There are many concerns that those facing criminal charges may have on their minds including their criminal defense options and rights. It is important for anyone facing criminal charges to understand the criminal justice process and their rights throughout that process so they can protect those rights.
One aspect of navigating the criminal justice process may include probation. It is important for accused individuals to know what probation is and what a probation violation means for them. Probation can be violated when the terms and conditions of probation are violated. This can include not attending a scheduled court appearance; failing to report to a probation officer as required; failure to pay required fines of restitution; visiting certain people or places or traveling out of state without first obtaining permission of a probation officer; possessing, using or selling illegal drugs; and being arrested for another crime or committing another crime or offense.
Punishments for a probation violation depend on the nature and severity of the offense and if there are any aggravating or mitigating factors involved. Previous violations may also be considered. Probation violations can lead to jail time, extended probation, stiff fines and other potential penalties and consequences. Probation is assigned by the court and typically runs from three to five years so it is essential to be familiar with probation requirements. It is also crucial to be familiar with the process when probation has allegedly been violated and for the accused individuals to know their rights throughout that process.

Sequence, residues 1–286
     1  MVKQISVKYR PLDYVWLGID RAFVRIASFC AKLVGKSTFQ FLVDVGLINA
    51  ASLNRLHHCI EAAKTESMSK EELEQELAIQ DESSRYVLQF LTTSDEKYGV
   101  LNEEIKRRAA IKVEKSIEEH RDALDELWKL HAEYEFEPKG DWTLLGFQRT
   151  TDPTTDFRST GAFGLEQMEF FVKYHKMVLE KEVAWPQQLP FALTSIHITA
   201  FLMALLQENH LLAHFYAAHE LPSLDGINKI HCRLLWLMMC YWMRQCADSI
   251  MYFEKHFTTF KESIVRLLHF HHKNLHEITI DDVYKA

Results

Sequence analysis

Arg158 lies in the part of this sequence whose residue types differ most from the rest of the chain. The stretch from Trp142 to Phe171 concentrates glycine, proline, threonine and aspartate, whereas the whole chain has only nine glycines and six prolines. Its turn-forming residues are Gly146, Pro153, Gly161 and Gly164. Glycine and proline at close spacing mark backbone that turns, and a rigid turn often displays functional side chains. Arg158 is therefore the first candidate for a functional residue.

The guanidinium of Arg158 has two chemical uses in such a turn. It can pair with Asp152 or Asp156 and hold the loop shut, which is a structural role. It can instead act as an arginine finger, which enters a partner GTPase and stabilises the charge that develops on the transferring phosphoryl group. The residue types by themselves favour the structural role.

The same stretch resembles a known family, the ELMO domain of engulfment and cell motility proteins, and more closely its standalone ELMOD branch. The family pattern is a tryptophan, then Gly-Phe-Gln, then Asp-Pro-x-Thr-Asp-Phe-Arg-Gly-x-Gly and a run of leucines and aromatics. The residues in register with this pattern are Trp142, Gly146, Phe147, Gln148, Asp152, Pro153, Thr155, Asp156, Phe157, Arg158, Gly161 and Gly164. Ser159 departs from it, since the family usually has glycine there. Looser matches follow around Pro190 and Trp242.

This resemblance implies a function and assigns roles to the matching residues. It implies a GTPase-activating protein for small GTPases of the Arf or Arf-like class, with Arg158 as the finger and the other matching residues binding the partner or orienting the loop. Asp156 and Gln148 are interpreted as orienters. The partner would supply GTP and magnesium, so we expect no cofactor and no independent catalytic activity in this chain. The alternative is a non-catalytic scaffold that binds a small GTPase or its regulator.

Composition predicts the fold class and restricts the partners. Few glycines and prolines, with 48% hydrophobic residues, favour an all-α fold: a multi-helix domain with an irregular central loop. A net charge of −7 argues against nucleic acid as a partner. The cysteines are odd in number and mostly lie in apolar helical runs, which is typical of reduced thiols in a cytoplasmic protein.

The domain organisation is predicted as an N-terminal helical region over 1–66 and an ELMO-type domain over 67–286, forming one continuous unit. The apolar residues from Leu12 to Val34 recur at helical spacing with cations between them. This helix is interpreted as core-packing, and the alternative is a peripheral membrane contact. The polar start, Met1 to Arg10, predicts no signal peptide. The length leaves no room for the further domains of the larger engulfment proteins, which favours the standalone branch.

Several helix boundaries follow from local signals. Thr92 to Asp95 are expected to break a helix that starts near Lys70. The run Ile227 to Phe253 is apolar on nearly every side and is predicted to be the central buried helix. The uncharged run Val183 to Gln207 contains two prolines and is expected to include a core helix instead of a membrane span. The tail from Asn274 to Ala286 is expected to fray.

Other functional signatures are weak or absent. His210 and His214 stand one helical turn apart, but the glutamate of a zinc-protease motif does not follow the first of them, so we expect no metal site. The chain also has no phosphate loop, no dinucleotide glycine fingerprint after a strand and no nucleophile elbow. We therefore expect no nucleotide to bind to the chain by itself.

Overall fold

Individuals who have been accused of a crime or probation violation always have criminal defense rights they should be familiar with so they can enforce those rights. Knowing how to protect themselves helps to ensure the criminal justice resources that are available to accused individuals are summoned when they need them.